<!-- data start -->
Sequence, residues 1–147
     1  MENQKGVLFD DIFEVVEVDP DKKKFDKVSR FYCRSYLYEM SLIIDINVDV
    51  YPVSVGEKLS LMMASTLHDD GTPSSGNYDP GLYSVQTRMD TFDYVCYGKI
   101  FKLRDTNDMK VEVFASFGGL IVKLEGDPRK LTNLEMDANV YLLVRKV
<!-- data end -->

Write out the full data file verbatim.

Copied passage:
Sequence, residues 1–147
     1  MENQKGVLFD DIFEVVEVDP DKKKFDKVSR FYCRSYLYEM SLIIDINVDV
    51  YPVSVGEKLS LMMASTLHDD GTPSSGNYDP GLYSVQTRMD TFDYVCYGKI
   101  FKLRDTNDMK VEVFASFGGL IVKLEGDPRK LTNLEMDANV YLLVRKV